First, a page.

KENNEBUNKPORT, Maine — Discussion between the Board of Selectmen and area residents at Thursday’s Regional School Unit 21 cost-sharing forum switched gears from complaints of imbalance among the district’s three towns to a discussion of what a withdrawal process would entail.
Although the public forum had low attendance because of that day’s snowstorm, it didn’t stop those who participated from expressing their dissatisfaction with the RSU’s arrangement of cost distribution among Kennebunkport, Kennebunk and Arundel.
“Truthfully, we’re going to be looking into getting out of the system, too,” said selectmen Vice Chairwoman Sheila Matthews-Bull at the meeting in the Village Fire Station.
Matthews-Bull’s comment was in relation to Arundel residents submitting a petition last week, which contained 380 signatures, to withdraw their town from the district.
According to Matthews-Bull, the cost-sharing agreement isn’t fair because Kennebunkport has fewer teens at the more than 700-student Kennebunk High School than Kennebunk, but still has to pay more.
Kennebunkport pays $13,500 per KHS student, while Kennebunk pays $11,500 per student, Matthews-Bull said. The current cost-sharing formula is based 60 percent on property values and 40 percent on pupil count.
A referendum vote that failed in May of last year would have changed the equation to be based 100 percent on property values.
The RSU now is seeking volunteers for a nine-member committee to discuss cost-sharing, with Kennebunk already nominating three people. The board will consist of two residents-at-large and one school board member from each town.
“Opening cost sharing is not making our board popular with anybody,” said RSU board Chairman Norman Archer of Kennebunkport, who acted as a representative of the school board for the forum.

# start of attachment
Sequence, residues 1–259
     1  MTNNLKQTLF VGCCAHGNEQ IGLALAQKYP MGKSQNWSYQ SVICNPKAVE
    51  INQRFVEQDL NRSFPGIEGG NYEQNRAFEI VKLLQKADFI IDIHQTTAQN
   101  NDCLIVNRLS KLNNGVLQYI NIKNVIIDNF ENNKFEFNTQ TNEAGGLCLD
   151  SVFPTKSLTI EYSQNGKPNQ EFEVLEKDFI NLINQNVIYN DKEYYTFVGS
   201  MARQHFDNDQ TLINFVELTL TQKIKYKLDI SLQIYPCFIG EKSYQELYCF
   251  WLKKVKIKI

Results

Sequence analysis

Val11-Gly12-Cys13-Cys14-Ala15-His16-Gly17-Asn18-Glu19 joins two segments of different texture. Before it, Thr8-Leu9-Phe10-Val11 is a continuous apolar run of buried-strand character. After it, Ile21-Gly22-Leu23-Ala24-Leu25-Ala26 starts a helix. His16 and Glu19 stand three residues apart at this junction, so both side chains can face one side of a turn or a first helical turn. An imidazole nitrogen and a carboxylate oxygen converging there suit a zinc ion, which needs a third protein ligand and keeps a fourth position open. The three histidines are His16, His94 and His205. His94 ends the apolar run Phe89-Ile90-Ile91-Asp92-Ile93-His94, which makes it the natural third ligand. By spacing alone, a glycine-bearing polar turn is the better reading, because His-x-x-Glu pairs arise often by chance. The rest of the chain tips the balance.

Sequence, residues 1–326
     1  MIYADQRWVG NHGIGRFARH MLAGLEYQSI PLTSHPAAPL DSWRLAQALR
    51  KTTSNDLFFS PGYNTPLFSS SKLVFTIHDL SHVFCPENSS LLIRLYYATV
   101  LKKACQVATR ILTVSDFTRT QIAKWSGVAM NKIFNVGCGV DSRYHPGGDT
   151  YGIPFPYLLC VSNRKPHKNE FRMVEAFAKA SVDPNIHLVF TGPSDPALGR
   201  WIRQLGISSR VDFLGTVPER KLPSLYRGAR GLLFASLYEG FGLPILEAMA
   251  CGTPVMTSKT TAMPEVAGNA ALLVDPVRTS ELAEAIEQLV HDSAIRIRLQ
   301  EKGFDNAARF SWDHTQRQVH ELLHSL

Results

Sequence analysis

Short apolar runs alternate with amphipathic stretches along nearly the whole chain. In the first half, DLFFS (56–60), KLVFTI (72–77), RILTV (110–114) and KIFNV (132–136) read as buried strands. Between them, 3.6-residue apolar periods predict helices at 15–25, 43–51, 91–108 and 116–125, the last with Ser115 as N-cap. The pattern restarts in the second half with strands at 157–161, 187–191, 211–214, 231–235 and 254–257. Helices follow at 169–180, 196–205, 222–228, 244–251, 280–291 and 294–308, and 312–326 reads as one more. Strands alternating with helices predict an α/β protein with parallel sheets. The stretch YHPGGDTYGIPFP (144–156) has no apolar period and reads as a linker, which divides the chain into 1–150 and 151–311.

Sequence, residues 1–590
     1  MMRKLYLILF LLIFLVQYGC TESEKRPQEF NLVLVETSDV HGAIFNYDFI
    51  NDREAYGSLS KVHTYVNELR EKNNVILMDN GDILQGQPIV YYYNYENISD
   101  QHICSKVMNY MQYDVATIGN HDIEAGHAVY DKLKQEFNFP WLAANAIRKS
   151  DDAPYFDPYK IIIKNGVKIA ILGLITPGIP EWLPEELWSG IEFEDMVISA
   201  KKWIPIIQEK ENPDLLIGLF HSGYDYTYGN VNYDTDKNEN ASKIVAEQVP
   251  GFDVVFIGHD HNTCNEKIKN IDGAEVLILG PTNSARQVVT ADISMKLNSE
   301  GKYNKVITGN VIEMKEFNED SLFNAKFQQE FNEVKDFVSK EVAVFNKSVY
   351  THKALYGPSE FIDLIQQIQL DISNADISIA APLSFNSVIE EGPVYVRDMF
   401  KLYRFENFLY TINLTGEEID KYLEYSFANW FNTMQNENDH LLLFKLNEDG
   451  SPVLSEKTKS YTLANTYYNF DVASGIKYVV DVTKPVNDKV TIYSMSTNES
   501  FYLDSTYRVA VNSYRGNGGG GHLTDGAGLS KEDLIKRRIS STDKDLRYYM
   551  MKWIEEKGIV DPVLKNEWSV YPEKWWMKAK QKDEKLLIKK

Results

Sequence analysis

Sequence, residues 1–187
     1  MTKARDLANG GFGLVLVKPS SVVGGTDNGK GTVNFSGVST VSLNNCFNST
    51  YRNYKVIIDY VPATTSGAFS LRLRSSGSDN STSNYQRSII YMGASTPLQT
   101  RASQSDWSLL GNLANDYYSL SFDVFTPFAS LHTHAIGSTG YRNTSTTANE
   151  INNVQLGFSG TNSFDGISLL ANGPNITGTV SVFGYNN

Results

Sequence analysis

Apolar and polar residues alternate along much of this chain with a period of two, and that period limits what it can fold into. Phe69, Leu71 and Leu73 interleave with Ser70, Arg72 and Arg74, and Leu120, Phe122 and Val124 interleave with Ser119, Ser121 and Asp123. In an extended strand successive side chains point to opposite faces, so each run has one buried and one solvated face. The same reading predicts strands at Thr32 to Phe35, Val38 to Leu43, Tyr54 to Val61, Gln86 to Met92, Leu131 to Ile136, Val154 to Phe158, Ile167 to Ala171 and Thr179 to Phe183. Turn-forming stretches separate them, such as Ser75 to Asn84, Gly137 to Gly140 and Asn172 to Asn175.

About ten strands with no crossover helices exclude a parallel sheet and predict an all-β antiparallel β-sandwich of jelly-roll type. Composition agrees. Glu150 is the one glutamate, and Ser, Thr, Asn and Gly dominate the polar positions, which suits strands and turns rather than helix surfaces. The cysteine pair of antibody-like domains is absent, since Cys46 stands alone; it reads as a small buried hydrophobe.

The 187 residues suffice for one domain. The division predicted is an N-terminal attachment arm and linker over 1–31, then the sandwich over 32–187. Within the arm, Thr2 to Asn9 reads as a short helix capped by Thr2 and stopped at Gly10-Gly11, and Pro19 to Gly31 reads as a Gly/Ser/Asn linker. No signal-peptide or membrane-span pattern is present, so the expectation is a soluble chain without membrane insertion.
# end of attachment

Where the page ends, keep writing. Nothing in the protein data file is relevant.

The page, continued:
If the town decided to remove itself from the RSU, the process would be quite lengthy. It would need to submit a petition signed by residents to the Department of Education stating they wanted to withdraw, form a committee of four to five people appointed by selectmen to draw up a plan of how the town’s students would be educated afterward, and if the state accepted their application, hold a vote requiring a two-thirds margin to succeed, according to Town Manager Larry Mead.
While Archer said he thought it unlikely the Department of Education would allow the withdrawal, Mead affirmed that as long as the town met the state’s measures, it could be done.
“I don’t see a real resolution to this,” said Arundel resident Jon Renell, adding the only way he could see the district’s cost-sharing problem solved would be if the three towns became one.
The formation of a committee comes as the RSU 21 facilities committee plans to renovate multiple schools.
The committee’s $51.4 million master facilities plan, if passed in November, will issue a bond to pay for projects including $43.5 million in modifications to Kennebunk High School, $3.7 million in changes to Mildred L. Day School in Arundel and $4.2 million in renovations to Kennebunkport Consolidated School.
Kennebunkport has made sure over the years that it keeps spending as little as possible, Matthews-Bull said, and to force such costs on the town is unfair.
“I don’t think we should be penalized for being frugal,” she said.
The public forum likely will be continued at the Board of Selectmen’s Jan. 26 meeting, according to Matthews-Bull, because of the snowstorm.